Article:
The Microsoft Worldwide Partner Conference is taking place this week in Toronto (week of 7/18/16), and the cloud is unquestionably its key topic. Many CIOs and CTOs have caught the cloud bug and have openly stated that their infrastructures are moving to the cloud. But what exactly is “the cloud,” and is it really ready for prime time?
SDDC & Hybrid Cloud
Cloud computing has evolved from focusing only on how to construct, secure, manage, monitor, and utilize IaaS, PaaS, and SaaS clouds. As the paradigm matures, it is moving from a pure resource management paradigm to a data and resource management paradigm. (Read More)
SDDC is the next evolution in on-site data center technology. It has taken the knowledge gained from the server virtualization revolution and blended it with software-defined storage and networking to create a data center defined and managed by software running on invisible hardware.
Hybrid Cloud covers the technologies and operational processes, both technical and business, for deploying, consuming, and utilizing this paradigm.
Major areas of focus include barriers to adoption; progress on the part of vendors in removing those barriers; where the lines of responsibility are drawn between the cloud vendor and the customer for IaaS, PaaS, SaaS, and hybrid clouds; and management tools that are essential to deploying and managing the cloud, ensuring its security and the performance of applications.
In previous articles, I suggested that hyperconverged is just a step on a path to simpler IT infrastructure. I also explored how some of the simplification might work. Today, I’d like to explore some of the areas of infrastructure that are ripe for simplification. Some of these areas are already being addressed by some vendors, but no single vendor is addressing every area. I expect that over time, we will see more features become common on all HCI platforms. I also expect that many vendors will retain their own differentiating feature to avoid straight price competition.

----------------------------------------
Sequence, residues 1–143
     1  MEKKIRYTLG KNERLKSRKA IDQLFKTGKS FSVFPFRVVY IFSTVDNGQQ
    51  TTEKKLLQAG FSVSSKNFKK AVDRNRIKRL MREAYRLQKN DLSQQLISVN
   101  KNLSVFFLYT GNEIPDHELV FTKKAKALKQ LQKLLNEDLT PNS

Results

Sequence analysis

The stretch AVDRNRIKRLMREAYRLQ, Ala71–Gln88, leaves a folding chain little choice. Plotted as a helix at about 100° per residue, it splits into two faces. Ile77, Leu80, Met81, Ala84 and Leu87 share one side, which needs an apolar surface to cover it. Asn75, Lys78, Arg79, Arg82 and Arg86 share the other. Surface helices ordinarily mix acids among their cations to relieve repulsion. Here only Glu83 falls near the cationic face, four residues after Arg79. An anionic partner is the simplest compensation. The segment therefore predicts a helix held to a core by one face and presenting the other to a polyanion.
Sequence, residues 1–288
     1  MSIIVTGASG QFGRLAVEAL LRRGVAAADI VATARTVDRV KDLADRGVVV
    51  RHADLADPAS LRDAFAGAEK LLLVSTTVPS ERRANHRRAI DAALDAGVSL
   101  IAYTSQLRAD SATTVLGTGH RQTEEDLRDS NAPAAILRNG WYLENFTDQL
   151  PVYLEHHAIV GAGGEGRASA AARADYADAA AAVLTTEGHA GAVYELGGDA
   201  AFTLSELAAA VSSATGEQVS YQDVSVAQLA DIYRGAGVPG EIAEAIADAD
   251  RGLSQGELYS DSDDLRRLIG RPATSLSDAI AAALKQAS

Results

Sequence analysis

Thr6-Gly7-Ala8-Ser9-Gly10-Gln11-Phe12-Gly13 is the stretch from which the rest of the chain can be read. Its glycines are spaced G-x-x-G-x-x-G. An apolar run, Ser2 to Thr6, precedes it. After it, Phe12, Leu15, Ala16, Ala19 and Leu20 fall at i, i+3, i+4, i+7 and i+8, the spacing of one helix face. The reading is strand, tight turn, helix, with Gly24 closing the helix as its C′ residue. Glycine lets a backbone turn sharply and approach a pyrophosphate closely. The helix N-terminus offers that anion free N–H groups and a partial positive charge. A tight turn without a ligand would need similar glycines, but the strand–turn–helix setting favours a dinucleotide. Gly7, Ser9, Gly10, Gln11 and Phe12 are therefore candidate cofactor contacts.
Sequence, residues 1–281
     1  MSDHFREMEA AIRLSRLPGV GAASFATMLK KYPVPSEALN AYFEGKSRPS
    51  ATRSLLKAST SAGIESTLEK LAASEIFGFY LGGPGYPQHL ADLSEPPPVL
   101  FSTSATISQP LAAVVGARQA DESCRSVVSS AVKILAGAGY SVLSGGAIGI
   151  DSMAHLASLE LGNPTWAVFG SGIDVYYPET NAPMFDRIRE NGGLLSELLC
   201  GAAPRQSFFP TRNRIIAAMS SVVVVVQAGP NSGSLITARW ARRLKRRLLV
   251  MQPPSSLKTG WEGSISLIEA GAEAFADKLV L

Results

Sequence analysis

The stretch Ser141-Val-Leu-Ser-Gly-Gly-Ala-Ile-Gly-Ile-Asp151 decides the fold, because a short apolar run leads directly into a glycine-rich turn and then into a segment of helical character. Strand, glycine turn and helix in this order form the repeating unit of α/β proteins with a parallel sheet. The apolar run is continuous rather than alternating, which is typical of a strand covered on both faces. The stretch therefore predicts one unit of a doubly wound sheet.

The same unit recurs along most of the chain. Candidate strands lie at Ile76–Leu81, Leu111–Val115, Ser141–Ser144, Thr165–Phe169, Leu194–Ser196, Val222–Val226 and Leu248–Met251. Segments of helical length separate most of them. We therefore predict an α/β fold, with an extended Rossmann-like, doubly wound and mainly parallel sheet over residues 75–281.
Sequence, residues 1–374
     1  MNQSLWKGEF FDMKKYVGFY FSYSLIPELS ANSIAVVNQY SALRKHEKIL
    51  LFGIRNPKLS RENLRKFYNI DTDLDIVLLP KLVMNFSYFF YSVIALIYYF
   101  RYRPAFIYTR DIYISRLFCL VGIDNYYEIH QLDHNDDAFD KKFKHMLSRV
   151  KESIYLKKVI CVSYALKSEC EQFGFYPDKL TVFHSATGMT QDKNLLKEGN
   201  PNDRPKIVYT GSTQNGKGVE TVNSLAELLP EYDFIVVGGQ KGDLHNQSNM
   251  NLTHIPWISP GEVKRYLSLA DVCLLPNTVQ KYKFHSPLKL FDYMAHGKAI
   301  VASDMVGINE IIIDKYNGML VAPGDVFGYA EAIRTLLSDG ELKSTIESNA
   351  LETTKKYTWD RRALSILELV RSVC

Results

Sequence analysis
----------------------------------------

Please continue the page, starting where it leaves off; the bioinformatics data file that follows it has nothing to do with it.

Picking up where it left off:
One of the most litigious companies in the valley is Oracle. It is currently in the throes of planning an appeal against a judgement over its Java product.
It is well known that HP and Oracle do not play nice in the corporate playground. Larry Ellison famously stated in 2010 that it would be “virtually impossible” for the two companies to work together in the future. This occurred after HP sued its former CEO Mark Hurd for taking a position as Oracle’s co-president after having resigned, reportedly under pressure from the HP board.
In a previous article, I suggested that hyperconverged is just a step on a path to simpler IT infrastructure. Before I look at the specific technology areas that I think will become simplified, I’d like to look at how the simplification works. I see simplification coming in two parts. The first is very advanced complexity, in which there is a lot of automated complexity that removes human decision-making. The second is making the required human activities as simple as possible.
The vast majority of companies—any companies that have multiple sites or remote access workers—need to consider the question “Why do I need an SD-WAN?” This is no longer just the purview of the large enterprise.
First, a definition is in order. SDxCentral defines the SD-WAN as follows:
The software-defined wide area network (SD–WAN) is a specific application of software-defined networking (SDN) technology applied to WAN connections, which are used to connect enterprise networks—including branch offices and data centers—over large geographic distances.